A: When my mother died, three years ago, many people suggested that I write about her life. I couldn’t. I was too close to her, I had no distance or perspective to see her as a character. She did not have an exceptional life, but she lived almost a century, a fascinating century of great changes for humanity; in her correspondence with me, she recorded most of it. Violeta is physically, emotionally, and intellectually like my mother, she belongs to the same generation and social class, but she had a different fate. Unfortunately, she was never financially independent. That would have made such a huge difference in her life!!
Q: You have talked about the beautiful relationship you had with your mother. Is it correct that you wrote to her every day from 1986 until she died? Can you tell us a bit more?
A: I was separated from my mother when I was 16 years old. She was in Turkey with my stepfather, who was a diplomat, and I was in Chile at my grandfather’s house. We started writing to each other almost every day. The letters took weeks to reach us but it didn’t matter, it was not a conversation, it was a shared uninterrupted monologue. We were separated most of our lives and we kept the long habit of the daily letter. I saved her letters and copies of most of mine. Recently my son decided to archive dozens of boxes with that insane correspondence. He calculated that I have 24.000 letters.
Q: Is there something of yourself in the character of Violeta?
A: I heard once that all characters are part of the author. I don’t know if that’s true. I have hundreds of characters in 26 books and I don’t think any of them are based on me. But obviously my values, memories, demons, and angels are in all of them, even in the villains. (Maybe mostly in the villains . . . ) Violeta is strong and independent, like all my female protagonists. Is that something of myself? Probably.
Q: You have said that the character of Camilo was inspired by your best friend, who is a Jesuit priest. Please could you tell us a bit more about him?
A: His name is Felipe Berríos del Solar and the book is dedicated to him. He works with the poor in a dump in the north of Chile; his religion is about compassion, inclusion, tolerance, service, unconditional love, struggle for justice, and social change. He is full of doubts about the church, but has no doubts about his faith. In the 60s, many Catholics embraced the Liberation Theology which was about those values that Felipe embraces. The hierarchy of the Church squashed. Today the Catholic church, like most religions, is not in touch with the needs of humanity and the times we are living. And they are all, without exception, patriarchal.
Q: Why did you decide to leave the country in which the novel is set unnamed?
A: It gives me more freedom, I don’t have to stick to precise dates or places. I did the same in The House of the Spirits and Of Love and Shadows. Those stories could have happened in almost any Latin American country.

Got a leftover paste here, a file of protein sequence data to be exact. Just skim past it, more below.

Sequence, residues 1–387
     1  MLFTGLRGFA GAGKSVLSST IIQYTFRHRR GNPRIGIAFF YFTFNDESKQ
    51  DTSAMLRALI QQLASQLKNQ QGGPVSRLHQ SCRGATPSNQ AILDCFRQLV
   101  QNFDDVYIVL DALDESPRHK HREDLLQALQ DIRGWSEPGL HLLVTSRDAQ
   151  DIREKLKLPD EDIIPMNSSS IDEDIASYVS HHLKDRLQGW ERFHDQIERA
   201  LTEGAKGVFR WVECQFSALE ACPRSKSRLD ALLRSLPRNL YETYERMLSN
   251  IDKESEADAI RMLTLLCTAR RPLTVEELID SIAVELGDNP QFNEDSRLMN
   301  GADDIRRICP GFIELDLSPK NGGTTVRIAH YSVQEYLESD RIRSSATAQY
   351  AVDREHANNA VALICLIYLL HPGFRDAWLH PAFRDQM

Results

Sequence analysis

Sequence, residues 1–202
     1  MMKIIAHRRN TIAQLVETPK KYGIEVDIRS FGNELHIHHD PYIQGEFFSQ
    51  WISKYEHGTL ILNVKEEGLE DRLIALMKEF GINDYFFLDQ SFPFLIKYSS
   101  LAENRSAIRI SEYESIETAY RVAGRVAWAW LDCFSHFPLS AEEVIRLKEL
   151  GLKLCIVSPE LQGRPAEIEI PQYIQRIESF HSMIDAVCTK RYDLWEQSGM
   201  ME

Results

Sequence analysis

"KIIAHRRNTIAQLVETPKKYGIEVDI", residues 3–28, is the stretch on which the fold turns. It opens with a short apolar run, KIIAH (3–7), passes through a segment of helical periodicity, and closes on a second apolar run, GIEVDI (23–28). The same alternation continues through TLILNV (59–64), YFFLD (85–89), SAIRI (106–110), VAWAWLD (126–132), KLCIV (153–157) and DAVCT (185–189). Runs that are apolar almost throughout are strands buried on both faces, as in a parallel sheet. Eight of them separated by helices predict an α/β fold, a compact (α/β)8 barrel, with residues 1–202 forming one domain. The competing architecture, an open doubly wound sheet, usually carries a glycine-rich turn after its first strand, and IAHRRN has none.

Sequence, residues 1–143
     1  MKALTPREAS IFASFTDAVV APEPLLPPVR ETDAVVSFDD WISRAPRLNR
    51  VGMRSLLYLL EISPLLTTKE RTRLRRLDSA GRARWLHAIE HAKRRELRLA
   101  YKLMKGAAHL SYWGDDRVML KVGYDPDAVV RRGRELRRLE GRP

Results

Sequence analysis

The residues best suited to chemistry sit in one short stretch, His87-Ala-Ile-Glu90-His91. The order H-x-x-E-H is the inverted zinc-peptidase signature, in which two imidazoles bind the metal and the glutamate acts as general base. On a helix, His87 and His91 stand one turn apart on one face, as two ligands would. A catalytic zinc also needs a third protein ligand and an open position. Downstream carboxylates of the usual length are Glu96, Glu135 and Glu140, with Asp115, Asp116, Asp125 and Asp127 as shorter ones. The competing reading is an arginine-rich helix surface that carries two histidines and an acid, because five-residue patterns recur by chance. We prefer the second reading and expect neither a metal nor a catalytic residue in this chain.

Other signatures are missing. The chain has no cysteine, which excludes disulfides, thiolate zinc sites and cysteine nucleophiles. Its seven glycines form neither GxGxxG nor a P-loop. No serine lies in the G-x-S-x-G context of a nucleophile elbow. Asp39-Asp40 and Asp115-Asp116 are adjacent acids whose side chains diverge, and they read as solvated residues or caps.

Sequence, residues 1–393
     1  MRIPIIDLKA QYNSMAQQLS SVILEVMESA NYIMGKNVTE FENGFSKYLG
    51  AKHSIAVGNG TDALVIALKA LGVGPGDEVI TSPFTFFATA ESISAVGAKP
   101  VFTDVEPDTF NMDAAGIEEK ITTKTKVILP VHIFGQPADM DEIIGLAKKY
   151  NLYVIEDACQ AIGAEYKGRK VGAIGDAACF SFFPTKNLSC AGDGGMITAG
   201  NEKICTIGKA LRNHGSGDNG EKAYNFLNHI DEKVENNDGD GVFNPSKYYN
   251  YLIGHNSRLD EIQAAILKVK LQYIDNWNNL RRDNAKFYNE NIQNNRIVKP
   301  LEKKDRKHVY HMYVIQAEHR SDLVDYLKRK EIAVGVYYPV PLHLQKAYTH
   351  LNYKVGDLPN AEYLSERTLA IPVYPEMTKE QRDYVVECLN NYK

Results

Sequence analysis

Q: Why did you choose to bookend the novel with pandemics? How do you feel that informs other elements of the story?
A: Violeta lives to be a hundred years old. In her deathbed, isolated because of the pandemic, she reflects, remembers and writes to her grandson. I thought it would be poetic to place her century between the two pandemics. Now that we are living under Covid-19 we can easily imagine what the influenza pandemic was a century ago. So much happened in these years and here we are, in the same place. Isn’t it ironic?
Q: Is the character of Nieves inspired by a real person?
A: I was married for 28 years to a man whose three children were addicts. Tragically, they all died of drug-related causes. I lived very close to addiction for a long time and I know first hand how devastating it is for the patient, the family, and everybody else around. Nieves is inspired by Jennifer, Willie’s only daughter, who died very young, shortly after giving birth.
Q: Love is a recurrent theme in your books and lately you have written a lot about love at an old age. Can you talk about that?
A: I am an invincible romantic. I have been in love always since age seven to this day. So no wonder love appears constantly in my writing. I believe it is the most powerful force in the world, in different ways, it moves everything in nature. In my old age—I will be 80 this year 2022—I value love more than ever. I am often asked how it is to love at this stage. It’s like falling in love in our youth but with more patience, tolerance, good humor, and a sense that we have very little time left. We have to enjoy it. That’s what Violeta does in her old age, when she falls in love with the Norwegian birdwatcher.
Q: Some of the plot of Violeta is inspired by actual historical events—can you talk about what you hoped to achieve with this? Were you hoping to write about the impact of sweeping historical changes on individual lives?